Side note: for efficiency’s sake, it is important to analyze the number of initiatives you have to implement. If it will take implementing all of the following cost reduction methods to meet your goals, it might just be easier to have a layoff event.
Finally, before you implement said methods you will need to understand the time frame for which they will occur. For example, if you implement a salary reduction, you will need to understand approximately how long this reduction will have to take place.
Your employees will ask you when they will get raises again after the reduction, and you will need to be able to answer that honestly. And if you think your organization will have to keep reduced salaries for longer than your annual review cycle, it might make sense to implement a corresponding pay freeze.
Finally, you’ll need to understand what it means for the organization when the salary reduction policy is completed. Will you reinstate original salaries? Or will you give raises to match their pay presently if there hadn’t been a salary reduction?
Salary Reduction Letter: How do you implement the initiative?
One of the advantages of this initiative is that it is fairly easy to implement.
The first thing that you will want to do when feeling out this option is to consult with your corporate counsel or an attorney. There is great advice online about how to implement a salary reduction, but that advice doesn’t take into account regulations and laws in your own state or locality.
Next, you will want to decide on a percentage salary reduction. Will you have the same percentage across the organization? Or will certain departments or levels of tenure have varying levels of reduction? This will be decided mostly by your overall goal for cutting costs.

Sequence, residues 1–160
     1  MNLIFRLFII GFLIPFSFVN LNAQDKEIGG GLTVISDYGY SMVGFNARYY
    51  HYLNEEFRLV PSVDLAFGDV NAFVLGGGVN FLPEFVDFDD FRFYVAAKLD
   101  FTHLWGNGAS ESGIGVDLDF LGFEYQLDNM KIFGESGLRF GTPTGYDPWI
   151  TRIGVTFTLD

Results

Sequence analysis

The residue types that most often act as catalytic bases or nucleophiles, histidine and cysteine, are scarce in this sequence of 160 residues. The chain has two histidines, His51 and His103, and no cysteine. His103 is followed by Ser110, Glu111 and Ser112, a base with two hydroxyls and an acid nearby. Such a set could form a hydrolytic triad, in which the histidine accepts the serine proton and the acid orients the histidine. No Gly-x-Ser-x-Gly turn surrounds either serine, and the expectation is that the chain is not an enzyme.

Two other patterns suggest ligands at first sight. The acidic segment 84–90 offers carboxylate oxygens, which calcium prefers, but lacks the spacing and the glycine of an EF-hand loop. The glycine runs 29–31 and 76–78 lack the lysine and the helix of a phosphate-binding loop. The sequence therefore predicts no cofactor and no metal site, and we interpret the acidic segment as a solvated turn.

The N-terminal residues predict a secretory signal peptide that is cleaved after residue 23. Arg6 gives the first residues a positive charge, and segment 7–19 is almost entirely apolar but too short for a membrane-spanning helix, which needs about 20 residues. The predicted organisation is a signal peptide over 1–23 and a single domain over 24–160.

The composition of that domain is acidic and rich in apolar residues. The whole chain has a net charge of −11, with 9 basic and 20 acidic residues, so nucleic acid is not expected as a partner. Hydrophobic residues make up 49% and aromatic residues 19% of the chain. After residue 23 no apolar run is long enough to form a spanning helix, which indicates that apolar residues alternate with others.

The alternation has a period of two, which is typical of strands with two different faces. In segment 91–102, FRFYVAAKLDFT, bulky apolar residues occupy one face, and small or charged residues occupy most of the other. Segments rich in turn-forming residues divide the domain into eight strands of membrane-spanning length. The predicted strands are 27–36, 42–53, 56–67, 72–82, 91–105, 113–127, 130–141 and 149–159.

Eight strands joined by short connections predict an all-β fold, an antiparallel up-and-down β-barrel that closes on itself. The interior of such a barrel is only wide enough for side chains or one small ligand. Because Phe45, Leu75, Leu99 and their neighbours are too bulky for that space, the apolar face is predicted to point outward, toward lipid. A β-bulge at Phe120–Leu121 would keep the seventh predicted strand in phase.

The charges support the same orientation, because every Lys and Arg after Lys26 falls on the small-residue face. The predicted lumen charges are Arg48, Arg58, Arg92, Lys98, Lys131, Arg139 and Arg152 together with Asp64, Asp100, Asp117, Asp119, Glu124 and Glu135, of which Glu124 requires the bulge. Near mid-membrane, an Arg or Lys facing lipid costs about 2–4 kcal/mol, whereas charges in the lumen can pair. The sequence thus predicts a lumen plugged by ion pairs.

Once you have these items done, you will need to notify your payroll team and prepare your human resource reps for any questions that employees might have about the new salary reduction policy.
Also, if you have resources available to help with retention during this time, your team should focus on implementing these as well. While you might want some turnover to occur because of the salary reduction, you won’t want to lose all of your staff.
And finally: you must notify your affected workforce of the upcoming reduction to their salary. Most organizations do this with a company wide letter, that can be delivered via email or in person.
Salary Reduction Letter: What should it include?
One of the most important aspects of implementing a salary reduction is the communication you will use to alert your employees of this change.
Without the proper communication, your staff will feel even more negatively about the change. This can result in extreme turnover, poor morale, and very low productivity.
So, it is important that you get it right!
Here are the different items you should include in your salary reduction letter:
- Boilerplate letter formatting: date, subject, greetings, and a signature from your CEO.
- An explanation of why your organization is facing financial hardships, such as the economy, or an industry disruption.
- An explanation of all of the cost reduction methods you have reviewed before deciding on this one.
- Notification of the salary reduction, instructions on what percentage your employees’ salaries will be reduced, and when the change will occur. (Include this for both hourly and salaried employees.)
- A timeline of when this policy will be reviewed and what the expectations are for the reduction.
- Show appreciation for your employees hard work, dedication, and continued loyalty to your organization.
- Offer a resource for the employees to use if they have further questions, such as your Human Resources department.
Throughout the letter it is important to have a friendly tone, but to also be honest about the situation. This is the most respectful way to treat your employees.
And as always, before you send the letter make sure to have your legal team look over it to ensure compliance with any laws that pertain to your location and industry.
You can download our sample salary reduction letter here: